Simplicity

In his letter to James Harmon for Harmon’s book, Take My Advice, Scott Russell Sanders comments on the things we desire. Sanders writes, “Love simply. By that I mean, think about what you actually need for a good life, not what friends or ads have taught you to want.” This is a very meaningful quote to me because it speaks of the importance of self awareness, and of getting away from the pressures to buy and have things.

 

As a recent college graduate I love reading quotes like this one or hearing people talk about the importance of realizing what goals and desires you actually have.  Television shows portray a certain lifestyle, and advertisements fill your mind with ideas of how you should live and what things you should buy to be happy.  If one can spend time to understand that having lots of things will not translate to happiness, then they can begin to live more free.  I am not suggesting that anyone should abandon all desires for material items, but rather that having a BMW does not need to be ones goal or benchmark for success (especially at a young age out of college).  As I read back through this post, I am currently reading a book called Insight Out by Tina Seelig. In her book Seelig talks about entrepreneurs and motivation.  In a similar sense to what was discussed by Sanders, Seelig encourages asking yourself and anyone who wants to create something, “What motivates you?” and “Who are you?”  These two questions force someone to understand what forces driving them, and what they expect and need for happiness.

 

What Sanders quote also hints at is our competition with and comparisons against our friends, co-workers, and those we went to school with.  Striving for a lofty job title, a big house, and fancy cars just to be able to impress other people is damaging to yourself, your relationships, and ultimately your future.  I think Seelig would agree with my interpretation of Sanders’ writing, and could reach the same conclusion.  Having motivations that are external and based on rewards and social praise will drive you towards goals that don’t align with what you actual desire or what will really make you happy.

 

The drive to achieve greatness should not be based on what you want your external projection to be.  Learning to step away from television to avoid projections of what success and happiness look like will allow a person to be more flexible in their decision making and to become more happy with the lifestyle they already live. In addition, Sanders would agree, learning to be confident in the person you are and letting go of comparisons against the people around you will help you develop real relationships with them rather than having a relationship based on impressing someone with material wealth.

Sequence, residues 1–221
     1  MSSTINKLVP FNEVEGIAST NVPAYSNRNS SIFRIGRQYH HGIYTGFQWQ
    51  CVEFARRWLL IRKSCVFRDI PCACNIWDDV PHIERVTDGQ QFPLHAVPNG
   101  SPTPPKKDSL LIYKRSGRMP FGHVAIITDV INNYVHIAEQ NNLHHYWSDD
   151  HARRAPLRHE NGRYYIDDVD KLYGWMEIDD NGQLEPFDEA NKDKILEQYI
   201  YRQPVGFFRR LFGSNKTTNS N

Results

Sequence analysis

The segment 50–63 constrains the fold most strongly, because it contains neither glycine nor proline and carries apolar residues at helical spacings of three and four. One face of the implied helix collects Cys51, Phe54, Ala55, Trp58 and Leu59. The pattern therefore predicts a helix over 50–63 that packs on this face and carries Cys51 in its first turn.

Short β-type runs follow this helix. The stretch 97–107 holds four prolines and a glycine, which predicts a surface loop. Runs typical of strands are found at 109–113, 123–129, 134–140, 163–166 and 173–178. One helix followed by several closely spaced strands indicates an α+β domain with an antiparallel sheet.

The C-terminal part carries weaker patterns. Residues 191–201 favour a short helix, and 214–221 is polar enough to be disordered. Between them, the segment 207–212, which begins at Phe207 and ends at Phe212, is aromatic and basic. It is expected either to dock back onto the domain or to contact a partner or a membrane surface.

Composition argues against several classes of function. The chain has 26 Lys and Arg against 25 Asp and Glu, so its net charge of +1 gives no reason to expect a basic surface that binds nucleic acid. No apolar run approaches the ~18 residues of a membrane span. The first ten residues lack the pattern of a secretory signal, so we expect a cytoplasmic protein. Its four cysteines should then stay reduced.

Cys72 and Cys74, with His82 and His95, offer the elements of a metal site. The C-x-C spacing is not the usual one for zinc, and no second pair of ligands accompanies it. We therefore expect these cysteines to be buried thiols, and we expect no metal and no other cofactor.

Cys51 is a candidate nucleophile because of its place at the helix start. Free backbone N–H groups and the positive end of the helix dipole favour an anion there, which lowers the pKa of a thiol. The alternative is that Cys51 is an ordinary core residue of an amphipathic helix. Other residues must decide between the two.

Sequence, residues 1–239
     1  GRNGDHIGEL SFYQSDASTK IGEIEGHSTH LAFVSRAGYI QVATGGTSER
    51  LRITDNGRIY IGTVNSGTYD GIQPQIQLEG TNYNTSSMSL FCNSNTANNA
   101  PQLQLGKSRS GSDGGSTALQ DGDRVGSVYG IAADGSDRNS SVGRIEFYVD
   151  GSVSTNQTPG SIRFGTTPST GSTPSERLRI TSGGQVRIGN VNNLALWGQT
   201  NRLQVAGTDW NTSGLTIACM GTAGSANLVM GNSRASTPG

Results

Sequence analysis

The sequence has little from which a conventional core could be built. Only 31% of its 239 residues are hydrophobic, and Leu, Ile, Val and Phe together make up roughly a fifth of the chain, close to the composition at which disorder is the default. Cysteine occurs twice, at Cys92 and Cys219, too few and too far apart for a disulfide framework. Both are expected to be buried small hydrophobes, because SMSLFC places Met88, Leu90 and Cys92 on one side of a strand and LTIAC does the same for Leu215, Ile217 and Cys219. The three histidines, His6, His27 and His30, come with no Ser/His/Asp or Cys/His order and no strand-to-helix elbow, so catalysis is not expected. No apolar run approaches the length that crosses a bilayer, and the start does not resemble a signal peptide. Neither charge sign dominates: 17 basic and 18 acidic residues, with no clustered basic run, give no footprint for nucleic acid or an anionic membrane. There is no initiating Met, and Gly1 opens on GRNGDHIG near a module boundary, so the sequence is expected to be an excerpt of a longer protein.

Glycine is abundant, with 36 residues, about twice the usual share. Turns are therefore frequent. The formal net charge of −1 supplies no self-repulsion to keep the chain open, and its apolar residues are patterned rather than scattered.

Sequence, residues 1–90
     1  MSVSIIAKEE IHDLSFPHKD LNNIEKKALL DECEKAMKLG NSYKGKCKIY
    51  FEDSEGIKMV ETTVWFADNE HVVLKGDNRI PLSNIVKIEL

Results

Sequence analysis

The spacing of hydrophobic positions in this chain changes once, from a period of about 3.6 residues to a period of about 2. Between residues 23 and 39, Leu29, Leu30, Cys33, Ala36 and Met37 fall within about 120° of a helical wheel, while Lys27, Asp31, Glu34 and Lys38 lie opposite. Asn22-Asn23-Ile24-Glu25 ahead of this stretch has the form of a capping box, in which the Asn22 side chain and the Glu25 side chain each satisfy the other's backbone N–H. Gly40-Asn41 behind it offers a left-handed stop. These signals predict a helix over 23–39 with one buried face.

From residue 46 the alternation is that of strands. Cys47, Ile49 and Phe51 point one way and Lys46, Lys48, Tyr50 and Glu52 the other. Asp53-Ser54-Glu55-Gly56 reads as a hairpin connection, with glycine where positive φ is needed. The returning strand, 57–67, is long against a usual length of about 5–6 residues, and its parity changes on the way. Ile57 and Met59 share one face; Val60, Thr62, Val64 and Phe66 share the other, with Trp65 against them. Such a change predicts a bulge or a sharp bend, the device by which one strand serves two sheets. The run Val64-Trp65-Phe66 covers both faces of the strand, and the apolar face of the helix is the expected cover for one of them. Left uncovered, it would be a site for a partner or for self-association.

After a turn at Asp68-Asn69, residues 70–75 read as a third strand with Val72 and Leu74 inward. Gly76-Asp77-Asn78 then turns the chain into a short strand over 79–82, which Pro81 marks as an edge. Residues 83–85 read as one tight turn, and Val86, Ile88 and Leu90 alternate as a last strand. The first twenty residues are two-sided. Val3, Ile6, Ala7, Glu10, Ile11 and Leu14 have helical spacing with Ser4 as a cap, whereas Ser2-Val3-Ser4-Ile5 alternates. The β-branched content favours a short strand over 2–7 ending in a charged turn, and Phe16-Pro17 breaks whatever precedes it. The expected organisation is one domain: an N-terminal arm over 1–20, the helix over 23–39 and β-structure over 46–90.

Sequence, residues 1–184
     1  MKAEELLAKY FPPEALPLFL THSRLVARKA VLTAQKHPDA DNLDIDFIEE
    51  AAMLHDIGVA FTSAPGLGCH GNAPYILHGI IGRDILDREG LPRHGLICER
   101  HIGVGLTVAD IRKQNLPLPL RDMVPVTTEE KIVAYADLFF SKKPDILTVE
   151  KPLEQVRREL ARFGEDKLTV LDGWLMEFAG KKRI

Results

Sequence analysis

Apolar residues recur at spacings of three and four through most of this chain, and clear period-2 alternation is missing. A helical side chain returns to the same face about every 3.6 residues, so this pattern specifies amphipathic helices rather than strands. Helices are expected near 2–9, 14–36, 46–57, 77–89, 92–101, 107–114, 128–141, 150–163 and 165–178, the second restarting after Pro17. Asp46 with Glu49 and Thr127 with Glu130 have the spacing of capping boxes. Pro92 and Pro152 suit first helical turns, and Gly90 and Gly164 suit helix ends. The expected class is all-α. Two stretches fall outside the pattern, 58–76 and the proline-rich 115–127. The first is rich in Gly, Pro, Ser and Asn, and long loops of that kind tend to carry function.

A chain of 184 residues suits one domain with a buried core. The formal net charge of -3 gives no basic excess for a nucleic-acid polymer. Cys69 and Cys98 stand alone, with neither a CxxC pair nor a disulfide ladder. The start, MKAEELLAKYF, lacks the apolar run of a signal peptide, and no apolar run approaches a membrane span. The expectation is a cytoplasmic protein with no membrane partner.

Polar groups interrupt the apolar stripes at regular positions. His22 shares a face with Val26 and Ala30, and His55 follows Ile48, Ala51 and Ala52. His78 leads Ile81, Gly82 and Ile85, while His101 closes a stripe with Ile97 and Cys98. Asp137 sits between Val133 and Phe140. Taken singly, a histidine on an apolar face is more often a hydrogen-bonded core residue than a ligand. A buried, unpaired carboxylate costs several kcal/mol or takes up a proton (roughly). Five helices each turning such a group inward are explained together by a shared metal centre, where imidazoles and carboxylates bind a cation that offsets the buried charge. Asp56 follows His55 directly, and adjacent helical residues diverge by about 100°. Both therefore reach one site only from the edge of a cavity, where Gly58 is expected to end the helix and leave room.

The Life We Want

During her 50 state road trip, Vesterfelt reflected on the life she was living before the 6 month voyage, the life she had to give up, and the life she hoped for following the trip. As she continued along and had time to think about who she was becoming, and what she wanted from her life, she wrote, “what I really wanted all along, which was to live a life that meant something and lasted longer than me.” In this quote I think that Vesterfelt sums up a fear that I have dealt with since my first day of college.  I have never wanted to have a job where I felt stuck or as if my only contributions went towards making the company and myself more money.
I am not sure how to take Vesterfelt’s quote and actualize it into a majestic journey or new opportunities that will open the doors for me to also find a life that is rich in meaning and will make an impact that goes beyond the years that I have on this planet.  Vesterfelt overcame these troubles by giving herself permission to be the person she wanted to be, and to tell people who she was (even though in her mind she was not yet the person she wanted to be).  This parallel’s the advice in the last episode of the Mindful Creator podcast that I listened to. In episode 6 Brett Henley and his guest talked about allowing yourself to be the person you want to be without waiting for others to give you permission to be that thing.  I think that is a great first step to finding meaning in your life, but it needs more direction. The podcast continued to say that once you have given yourself permission to be who you want, you have to show up. To them showing up is the part where you put in the effort, and practice your craft to develop the skills you need to be the person who lives a life of meaning.
I find all of these ideas very inspirational, but the ideas alone do not help overcome the fear of acting or putting in hard work for something that may not provide the rewards you are searching for. I think that with this fear, one must buy in completely to the idea of practice and showing up, but only if one can be honest with themselves and recognize what they truly desire, and the reason/motivation behind their goals and desires.